Monday, March 8, 2010

Why is the U.S. so far behind?

by Erin Bennett, Colorado Organizer for 9to5

Today, on International Women’s Day, I’ve thought a lot about the issues we work on at 9to5, especially compared to how the rest of the developed world operates. Two particular stories come to mind…

In February of 2009, 9to5 Colorado was fortunate enough to have three visitors from a women’s organization in Osaka, Japan. They were so interested to hear about all of our work, especially around paid leave. They informed us that in Japan, women can take 3 PAID days off a month for menstruation, if they wish – so they were obviously shocked that we don’t even have a standard of paid sick days for all. They told us that not many women take advantage of this opportunity, but it is there if needed.

Paid sick days are very much the same in our own country. On average, workers who do have access to paid sick days use only a couple days a year – much less than the amount they accrue. So, why accrue so many days? Just in case, like a rainy day fund. You never know when you might get sick and need to be in the hospital, or when you might get H1N1 flu and be out of work for two weeks, or when your kids get sick and you have to stay home with them.

At the very beginning of 2010, we started a Facebook group called “Support Paid Sick Days Colorado.” A man from Germany, Karl Mund, joined our group and posted his story on our wall:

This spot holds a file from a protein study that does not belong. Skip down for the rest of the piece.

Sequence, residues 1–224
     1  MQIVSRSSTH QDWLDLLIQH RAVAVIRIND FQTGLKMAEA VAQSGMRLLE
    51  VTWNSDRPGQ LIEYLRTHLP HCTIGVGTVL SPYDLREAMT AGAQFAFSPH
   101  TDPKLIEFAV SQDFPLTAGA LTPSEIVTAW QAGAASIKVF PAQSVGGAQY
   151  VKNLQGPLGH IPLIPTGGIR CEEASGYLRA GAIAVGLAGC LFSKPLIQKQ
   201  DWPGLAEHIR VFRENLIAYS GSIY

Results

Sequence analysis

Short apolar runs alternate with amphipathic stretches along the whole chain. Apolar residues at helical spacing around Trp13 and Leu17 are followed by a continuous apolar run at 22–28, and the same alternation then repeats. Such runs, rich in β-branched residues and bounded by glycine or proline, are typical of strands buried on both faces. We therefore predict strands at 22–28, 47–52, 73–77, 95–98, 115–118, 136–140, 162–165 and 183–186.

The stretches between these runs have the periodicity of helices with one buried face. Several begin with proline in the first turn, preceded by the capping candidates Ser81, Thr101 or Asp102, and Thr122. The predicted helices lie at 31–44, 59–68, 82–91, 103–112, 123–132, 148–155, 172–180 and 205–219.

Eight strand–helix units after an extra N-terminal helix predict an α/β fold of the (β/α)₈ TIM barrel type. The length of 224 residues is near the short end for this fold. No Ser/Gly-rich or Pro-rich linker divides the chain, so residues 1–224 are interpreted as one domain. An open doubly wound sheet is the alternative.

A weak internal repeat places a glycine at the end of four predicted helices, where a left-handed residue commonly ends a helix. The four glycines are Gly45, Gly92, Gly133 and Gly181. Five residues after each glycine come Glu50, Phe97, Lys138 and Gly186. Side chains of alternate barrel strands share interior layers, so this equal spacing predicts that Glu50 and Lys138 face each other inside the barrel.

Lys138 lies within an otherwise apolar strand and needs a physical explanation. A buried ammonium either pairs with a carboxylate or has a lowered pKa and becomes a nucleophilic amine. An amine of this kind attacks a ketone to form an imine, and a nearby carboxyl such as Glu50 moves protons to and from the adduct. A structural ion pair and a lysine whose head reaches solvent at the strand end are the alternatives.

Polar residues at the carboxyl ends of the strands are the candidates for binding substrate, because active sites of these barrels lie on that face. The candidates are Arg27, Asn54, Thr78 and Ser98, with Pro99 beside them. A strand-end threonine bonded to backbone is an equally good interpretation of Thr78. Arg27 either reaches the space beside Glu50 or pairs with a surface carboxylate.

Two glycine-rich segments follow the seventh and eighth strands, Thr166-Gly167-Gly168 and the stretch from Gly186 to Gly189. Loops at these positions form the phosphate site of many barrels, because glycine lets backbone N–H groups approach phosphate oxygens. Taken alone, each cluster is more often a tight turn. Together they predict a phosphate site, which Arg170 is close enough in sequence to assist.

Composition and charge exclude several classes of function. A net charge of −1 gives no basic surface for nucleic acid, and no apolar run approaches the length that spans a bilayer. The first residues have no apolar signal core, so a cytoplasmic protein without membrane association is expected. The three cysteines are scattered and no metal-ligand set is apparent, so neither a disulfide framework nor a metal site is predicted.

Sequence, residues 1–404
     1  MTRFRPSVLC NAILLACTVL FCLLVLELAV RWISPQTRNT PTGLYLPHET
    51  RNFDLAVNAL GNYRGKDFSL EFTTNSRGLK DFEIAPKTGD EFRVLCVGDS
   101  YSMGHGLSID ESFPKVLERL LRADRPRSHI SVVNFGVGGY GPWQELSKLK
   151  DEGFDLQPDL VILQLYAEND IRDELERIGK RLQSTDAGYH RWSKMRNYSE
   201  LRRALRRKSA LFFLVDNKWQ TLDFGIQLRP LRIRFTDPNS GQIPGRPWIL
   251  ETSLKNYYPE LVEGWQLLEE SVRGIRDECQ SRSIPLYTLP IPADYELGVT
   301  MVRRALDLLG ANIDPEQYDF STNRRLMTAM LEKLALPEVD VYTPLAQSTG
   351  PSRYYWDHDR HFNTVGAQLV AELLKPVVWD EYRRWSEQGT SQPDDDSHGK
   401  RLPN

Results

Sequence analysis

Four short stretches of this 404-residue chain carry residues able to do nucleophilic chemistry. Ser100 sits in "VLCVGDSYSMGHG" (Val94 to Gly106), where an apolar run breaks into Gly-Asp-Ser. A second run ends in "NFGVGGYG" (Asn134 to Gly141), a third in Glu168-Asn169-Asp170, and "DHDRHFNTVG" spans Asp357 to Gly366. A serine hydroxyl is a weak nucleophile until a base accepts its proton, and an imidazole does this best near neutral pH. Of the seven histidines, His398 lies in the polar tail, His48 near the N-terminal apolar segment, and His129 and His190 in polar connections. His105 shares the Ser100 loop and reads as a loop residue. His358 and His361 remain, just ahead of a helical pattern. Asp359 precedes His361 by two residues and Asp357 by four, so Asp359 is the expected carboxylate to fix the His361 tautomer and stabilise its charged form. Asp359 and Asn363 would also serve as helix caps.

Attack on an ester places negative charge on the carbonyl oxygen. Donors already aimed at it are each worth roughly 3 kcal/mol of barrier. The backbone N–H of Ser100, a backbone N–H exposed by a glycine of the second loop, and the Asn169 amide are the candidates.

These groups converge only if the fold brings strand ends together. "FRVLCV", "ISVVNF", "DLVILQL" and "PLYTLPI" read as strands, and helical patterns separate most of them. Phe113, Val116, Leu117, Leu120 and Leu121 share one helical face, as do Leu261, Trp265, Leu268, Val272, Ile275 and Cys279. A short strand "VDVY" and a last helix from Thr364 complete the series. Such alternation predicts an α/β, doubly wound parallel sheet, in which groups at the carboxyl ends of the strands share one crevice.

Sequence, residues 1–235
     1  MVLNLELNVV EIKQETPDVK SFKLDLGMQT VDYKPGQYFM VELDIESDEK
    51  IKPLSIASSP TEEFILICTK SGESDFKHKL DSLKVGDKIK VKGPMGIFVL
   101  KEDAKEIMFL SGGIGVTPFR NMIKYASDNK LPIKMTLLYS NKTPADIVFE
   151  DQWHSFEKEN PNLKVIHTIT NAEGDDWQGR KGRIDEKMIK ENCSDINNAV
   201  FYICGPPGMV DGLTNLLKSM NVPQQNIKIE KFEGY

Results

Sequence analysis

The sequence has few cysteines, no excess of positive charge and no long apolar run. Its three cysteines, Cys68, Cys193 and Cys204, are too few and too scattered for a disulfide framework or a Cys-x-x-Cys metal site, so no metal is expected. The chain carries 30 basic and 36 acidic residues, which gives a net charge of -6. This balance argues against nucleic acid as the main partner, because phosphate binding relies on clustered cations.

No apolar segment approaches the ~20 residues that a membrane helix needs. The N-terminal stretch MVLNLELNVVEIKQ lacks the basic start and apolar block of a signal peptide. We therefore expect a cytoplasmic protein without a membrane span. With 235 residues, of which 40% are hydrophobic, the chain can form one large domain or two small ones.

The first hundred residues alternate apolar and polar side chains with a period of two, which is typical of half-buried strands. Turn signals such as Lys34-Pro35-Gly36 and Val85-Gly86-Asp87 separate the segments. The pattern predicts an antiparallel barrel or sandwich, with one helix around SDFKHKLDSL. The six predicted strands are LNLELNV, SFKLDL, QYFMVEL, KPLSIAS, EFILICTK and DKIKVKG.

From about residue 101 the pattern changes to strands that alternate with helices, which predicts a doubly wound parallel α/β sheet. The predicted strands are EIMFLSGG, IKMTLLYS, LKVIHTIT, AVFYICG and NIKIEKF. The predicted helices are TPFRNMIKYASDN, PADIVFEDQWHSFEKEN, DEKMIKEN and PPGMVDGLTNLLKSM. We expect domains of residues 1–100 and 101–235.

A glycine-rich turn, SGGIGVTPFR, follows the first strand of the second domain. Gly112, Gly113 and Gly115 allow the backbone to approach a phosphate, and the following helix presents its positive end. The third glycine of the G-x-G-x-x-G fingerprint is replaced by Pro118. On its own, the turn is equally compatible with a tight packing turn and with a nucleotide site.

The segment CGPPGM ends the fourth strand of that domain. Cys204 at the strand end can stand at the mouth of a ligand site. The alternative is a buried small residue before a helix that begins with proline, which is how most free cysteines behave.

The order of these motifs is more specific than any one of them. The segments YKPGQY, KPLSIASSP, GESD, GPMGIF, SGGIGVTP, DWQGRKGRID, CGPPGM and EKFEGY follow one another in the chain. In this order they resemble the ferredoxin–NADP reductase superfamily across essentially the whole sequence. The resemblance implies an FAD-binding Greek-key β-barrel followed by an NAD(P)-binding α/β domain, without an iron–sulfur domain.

As a shop-steward for most of my work-life in Germany (East and West), I never had to argue about questions like sick leave. My father's generation already succeeded in that fight, when West Germany got a law securing fully paid sick leave for 6 weeks per year with job security.

In this respect, I consider it a shame for the State of Colorado (and similarly other US-states) if such an ultra-modest demand as yours is not met with immediate approval.

Anyway, a healthy workforce is in the own interest of employers. Were they really smart, they would put pressure on State legislature even more than you folks do in order to get a decent legislation for healthy workers in healthy workplaces!

Keep up your fight, and be sure, you have my solidarity!

As the 2010 Legislative session began, this support from someone half-way around the world was much-needed motivation! An issue that Paid Sick Days is a no-brainer for the women from Osaka and for Karl. Why can’t it be for businesses and legislators in Colorado?

Why is the U.S. the only country in the developed world without Paid Sick Days? On International Women’s Day this year, we need to look to other countries and examine why we are so behind and what we can do to catch up.

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